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Due to the agglutinative character, Japanese and Ryukyuan morphology is predominantly concatenative, applying to garden-variety word formation processes such as compounding, prefixation, suffixation, and inflection, though nonconcatenative morphology like clipping, blending, and reduplication is also available and sometimes interacts with concatenative word formation. The formal simplicity of the principal morphological devices is counterbalanced by their complex interaction with syntax and semantics as well as by the intricate interactions of four lexical strata (native, Sino-Japanese, foreign, and mimetic) with particular morphological processes. A wealth of phenomena is adduced that pertain to central issues in theories of morphology, such as the demarcation between words and phrases; the feasibility of the lexical integrity principle; the controversy over lexicalism and syntacticism; the distinction of morpheme-based and word-based morphology; the effects of the stage-level vs. individual-level distinction on the applicability of morphological rules; the interface of morphology, syntax, and semantics, and pragmatics; and the role of conjugation and inflection in predicate agglutination. In particular, the formation of compound and complex verbs/adjectives takes place in both lexical and syntactic structures, and the compound and complex predicates thus formed are further followed in syntax by suffixal predicates representing grammatical categories like causative, passive, negation, and politeness as well as inflections of tense and mood to form a long chain of predicate complexes. In addition, an array of morphological objects—bound root, word, clitic, nonindependent word or fuzoku-go, and (for Japanese) word plus—participate productively in word formation. The close association of morphology and syntax in Japonic languages thus demonstrates that morphological processes are spread over lexical and syntactic structures, whereas words are equipped with the distinct property of morphological integrity, which distinguishes them from syntactic phrases.

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The five languages of the Northwest Caucasian family (also known as West Caucasian or Abkhaz-Adyghe), namely West Circassian, Kabardian, Ubykh, Abkhaz, and Abaza, are remarkable for their high degree of polysynthesis. This manifests itself in complex words that bear a lot of information on arguments and the characteristics of a situation, and which presumably can be constructed in the course of speech. Content words usually consist of several morphological zones within which certain permutations of morphemes are possible. Both prefixes and suffixes occur, with some morphemes being capable of appearing either as a prefix or a suffix, depending on the form. The predicate shows ergative-based cross-reference of core arguments and indirect objects introduced by applicatives, extensive use of the causative (including double causativization), highly developed means of expressing locational semantics within the predicate, and intricate tense-modality-aspect and polarity systems. Although classical noun-to-verb incorporation does not occur, there are constructions akin to incorporation, especially in the nominal domain. Nouns constitute a subclass of a broad class of predicates (both morphologically and syntactically) and hence may take the basic predicate morphology. At the same time, they form word-like nominal complexes with their attributes, and show specific head-marking possessive morphology (in West Circassian even distinguishing alienable and inalienable possession). Definiteness/specificity is regularly expressed either by articles (in Abkhaz, Abaza and Ubykh) or by the presence/absence of core case marking (in West Circassian and Kabardian). Morphemes demonstrate features that are not typical of morphemes in Standard Average European languages, including a high degree of autonomy reflected in affix order variation, widespread morphological recursion, occasional reduplication and even the ability to attach to complex syntactic constituents.

Article

Matthew J. Carroll

The Yam languages are a primary language family spoken in southern New Guinea across an area spanning around 180km west to east across both the Indonesian province of Papua and Papua New Guinea. The Yam languages are morphologically remarkable for their complex verbal inflection characterized by a tendency to distribute inflectional exponence across multiple sites on the verb. Under this pattern of distributed exponence, segmental formatives, that is, affixes, are identifiable but assigning any coherent semantics to these elements is often difficult and instead the inflectional meanings can only be determined once multiple formatives have been combined. Despite their complex inflectional morphology, Yam languages display comparatively impoverished word formation or derivational morphology. Nominal inflection is characterized by moderately large case inventories, the largest displaying 16 cases. Nouns are occasionally marked for number although this is typically restricted to certain case values. Verbal paradigms are much larger than nominal paradigms. Verbs mark agreement with up to two arguments in person, number, and natural gender. Verbs also mark complex tense, aspect, and mood values; in all languages this involves at least two aspect values, multiple past tense values, and some level of grammatical mood marking. Verbs may also be marked for diathesis, direction, and/or pluractionality. The overall morphological pattern is that of fusional or inflectional languages. Nominal inflection is rather straightforward with nominals taking case suffixes or clitics with little to no inflectional classes. The true complexity lies in the organization of the verbal inflectional system, about which, despite individual variation across the family, a number of architectural generalizations can be made. The family displays a fairly uniform verbal inflectional template and all languages make a distinction between prefixing and ambifixing verbs. Prefixing verbs show agreement via a prefix only while ambifixing verbs via agreement with a suffix, for monovalent clauses, or with both a prefix and a suffix for bivalent verbs. These agreement affixes are also involved in the distributed exponence of tense, aspect, and mood.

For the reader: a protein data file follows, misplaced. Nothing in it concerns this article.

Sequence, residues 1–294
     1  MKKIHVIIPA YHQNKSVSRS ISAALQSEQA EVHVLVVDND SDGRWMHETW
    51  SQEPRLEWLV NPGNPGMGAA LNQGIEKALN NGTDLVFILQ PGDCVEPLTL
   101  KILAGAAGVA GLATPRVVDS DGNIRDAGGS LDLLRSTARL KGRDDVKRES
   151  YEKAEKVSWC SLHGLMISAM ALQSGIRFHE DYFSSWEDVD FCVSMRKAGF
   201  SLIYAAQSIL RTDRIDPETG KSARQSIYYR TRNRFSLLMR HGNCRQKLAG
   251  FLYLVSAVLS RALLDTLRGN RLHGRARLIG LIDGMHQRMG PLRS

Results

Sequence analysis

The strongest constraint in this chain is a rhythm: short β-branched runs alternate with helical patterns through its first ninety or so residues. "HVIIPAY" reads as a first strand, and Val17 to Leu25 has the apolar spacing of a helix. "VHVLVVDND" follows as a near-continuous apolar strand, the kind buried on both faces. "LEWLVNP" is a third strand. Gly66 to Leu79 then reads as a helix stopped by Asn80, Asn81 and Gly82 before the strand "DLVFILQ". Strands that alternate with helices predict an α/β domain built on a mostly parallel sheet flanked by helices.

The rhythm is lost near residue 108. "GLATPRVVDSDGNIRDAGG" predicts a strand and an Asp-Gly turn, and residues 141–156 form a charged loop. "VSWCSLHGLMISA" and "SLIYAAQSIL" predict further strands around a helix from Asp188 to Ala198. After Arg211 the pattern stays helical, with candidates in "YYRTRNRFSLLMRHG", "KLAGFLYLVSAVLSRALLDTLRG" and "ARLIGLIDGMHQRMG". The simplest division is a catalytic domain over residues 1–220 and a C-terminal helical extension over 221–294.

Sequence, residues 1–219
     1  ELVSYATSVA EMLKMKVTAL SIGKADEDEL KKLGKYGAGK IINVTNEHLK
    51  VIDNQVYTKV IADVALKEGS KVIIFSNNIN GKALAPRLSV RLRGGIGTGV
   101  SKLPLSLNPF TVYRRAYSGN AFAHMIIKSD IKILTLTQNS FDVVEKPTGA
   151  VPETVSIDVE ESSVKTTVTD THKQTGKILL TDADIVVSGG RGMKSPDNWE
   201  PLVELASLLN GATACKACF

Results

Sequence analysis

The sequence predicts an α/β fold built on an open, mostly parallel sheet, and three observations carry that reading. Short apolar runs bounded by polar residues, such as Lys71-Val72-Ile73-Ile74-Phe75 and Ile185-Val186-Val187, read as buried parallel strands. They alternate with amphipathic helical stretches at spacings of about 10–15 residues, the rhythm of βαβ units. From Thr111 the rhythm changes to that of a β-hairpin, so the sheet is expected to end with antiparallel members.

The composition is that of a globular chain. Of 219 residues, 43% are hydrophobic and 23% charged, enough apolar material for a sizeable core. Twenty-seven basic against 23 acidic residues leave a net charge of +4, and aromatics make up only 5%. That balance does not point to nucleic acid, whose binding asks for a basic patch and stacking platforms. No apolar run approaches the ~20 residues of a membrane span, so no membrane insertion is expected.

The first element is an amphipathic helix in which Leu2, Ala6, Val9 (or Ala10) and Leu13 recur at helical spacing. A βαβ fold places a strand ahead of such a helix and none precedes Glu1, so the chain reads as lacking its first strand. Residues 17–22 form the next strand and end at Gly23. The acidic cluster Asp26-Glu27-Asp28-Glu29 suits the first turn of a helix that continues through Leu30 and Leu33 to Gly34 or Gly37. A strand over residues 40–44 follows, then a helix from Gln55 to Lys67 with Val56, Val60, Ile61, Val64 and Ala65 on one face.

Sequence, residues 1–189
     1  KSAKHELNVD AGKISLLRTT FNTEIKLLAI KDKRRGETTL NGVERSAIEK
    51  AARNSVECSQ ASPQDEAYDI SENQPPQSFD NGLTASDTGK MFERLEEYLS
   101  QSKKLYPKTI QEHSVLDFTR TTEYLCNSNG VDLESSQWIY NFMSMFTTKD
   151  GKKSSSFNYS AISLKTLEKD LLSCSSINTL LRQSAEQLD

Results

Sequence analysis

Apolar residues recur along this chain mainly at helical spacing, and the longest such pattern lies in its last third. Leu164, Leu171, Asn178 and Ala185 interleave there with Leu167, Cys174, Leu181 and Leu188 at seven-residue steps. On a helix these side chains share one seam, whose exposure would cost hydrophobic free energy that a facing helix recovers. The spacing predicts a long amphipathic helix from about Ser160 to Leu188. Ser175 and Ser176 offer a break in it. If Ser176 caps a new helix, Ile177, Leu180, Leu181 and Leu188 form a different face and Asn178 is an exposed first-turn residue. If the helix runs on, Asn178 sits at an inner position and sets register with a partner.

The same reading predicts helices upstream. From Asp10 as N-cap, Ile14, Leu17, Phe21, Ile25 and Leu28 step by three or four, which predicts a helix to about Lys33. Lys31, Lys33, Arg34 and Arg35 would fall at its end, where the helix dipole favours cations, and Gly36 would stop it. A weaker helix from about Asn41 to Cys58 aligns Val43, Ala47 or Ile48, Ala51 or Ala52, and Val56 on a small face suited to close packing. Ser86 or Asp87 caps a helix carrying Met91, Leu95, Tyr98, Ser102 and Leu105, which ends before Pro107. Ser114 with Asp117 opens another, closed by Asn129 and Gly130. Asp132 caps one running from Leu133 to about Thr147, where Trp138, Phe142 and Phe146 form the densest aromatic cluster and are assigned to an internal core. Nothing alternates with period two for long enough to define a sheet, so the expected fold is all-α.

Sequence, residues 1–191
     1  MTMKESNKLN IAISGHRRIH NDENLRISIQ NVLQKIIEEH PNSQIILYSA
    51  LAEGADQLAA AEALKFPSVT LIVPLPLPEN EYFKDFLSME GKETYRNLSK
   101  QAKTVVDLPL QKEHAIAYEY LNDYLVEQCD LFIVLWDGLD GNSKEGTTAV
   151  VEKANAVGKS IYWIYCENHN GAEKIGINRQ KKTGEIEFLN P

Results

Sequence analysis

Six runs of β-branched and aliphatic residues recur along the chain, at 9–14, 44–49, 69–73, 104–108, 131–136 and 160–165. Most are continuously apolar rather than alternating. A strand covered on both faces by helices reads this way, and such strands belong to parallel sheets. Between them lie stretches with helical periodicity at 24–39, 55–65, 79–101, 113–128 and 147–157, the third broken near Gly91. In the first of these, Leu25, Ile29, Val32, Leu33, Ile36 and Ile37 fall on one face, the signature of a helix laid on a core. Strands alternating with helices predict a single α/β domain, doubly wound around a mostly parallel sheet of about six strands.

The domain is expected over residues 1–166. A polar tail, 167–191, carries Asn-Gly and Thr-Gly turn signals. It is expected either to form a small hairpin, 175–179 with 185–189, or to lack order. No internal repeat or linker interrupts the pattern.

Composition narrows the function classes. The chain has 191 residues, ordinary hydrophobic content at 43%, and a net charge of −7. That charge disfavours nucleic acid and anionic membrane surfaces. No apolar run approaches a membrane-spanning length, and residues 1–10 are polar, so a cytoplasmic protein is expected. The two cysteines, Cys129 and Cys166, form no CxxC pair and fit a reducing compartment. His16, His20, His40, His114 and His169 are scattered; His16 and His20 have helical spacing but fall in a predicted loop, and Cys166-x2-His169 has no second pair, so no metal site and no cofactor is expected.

Article

Giorgio Francesco Arcodia and Bianca Basciano

Sino-Tibetan is a highly diverse language family, in which a wide range of morphological phenomena and profiles may be found. The family is generally seen as split into two major branches, i.e., Sinitic and Tibeto-Burman, but while Sinitic is a fairly homogeneous group in terms of morphology, the so-called Tibeto-Burman branch of the family includes isolating languages like Karen, languages with transparent and regular agglutinative morphology (Lolo-Burmese, Tibetic, and Boro-Garo), but also paradigmatically complex languages, with elaborate argument indexation and transitivity management systems; while in some languages morphological complexity is mostly a conservative trait (e.g., Rgyalrongic and Kiranti), other languages developed innovative paradigms, with only few vestiges of the archaic system (Kuki-Chin). Some notable morphological phenomena in modern Tibeto-Burman languages are verb stem alternation, peculiar nominalization constructions, and long sequences of prefixes, which in some languages (Chintang) may even be freely permutated without any relevant change in meaning. Also, while Sinitic languages are normally taken to be a prototypical example of the (ideal) isolating morphological type (with virtually no inflection, stable morpheme boundaries, no cumulative exponence, and no allomorphy or suppletion), phenomena of strong reduction of morphemes, blurring of morpheme boundaries and fusion between root and suffix, and nonconcatenative morphology, as well as allomorphy and (proto-)paradigmatic organization of morphology, are attested in some Chinese dialects, mostly concentrated in an area of Northern China (Shaanxi, Shanxi, Henan, Hebei, and Shandong provinces). Moreover, ‘Altaic-type’ agglutinative morphology, including case marking, is found in Sinitic languages of the so-called Qinghai-Gansu Sprachbund; in this case, the development of agglutination, as well as other typological traits (as SOV word order), is clearly the product of intense and prolonged contact between Northwestern Chinese dialects and Tibetic and Mongolic languages of China. On the other hand, Southern Chinese dialects have developed in closer contact with Hmong-Mien, Tai-Kadai, and Austroasiatic languages, and are thus closer to the typology of Mainland Southeast Asian languages, with a very strong isolating profile.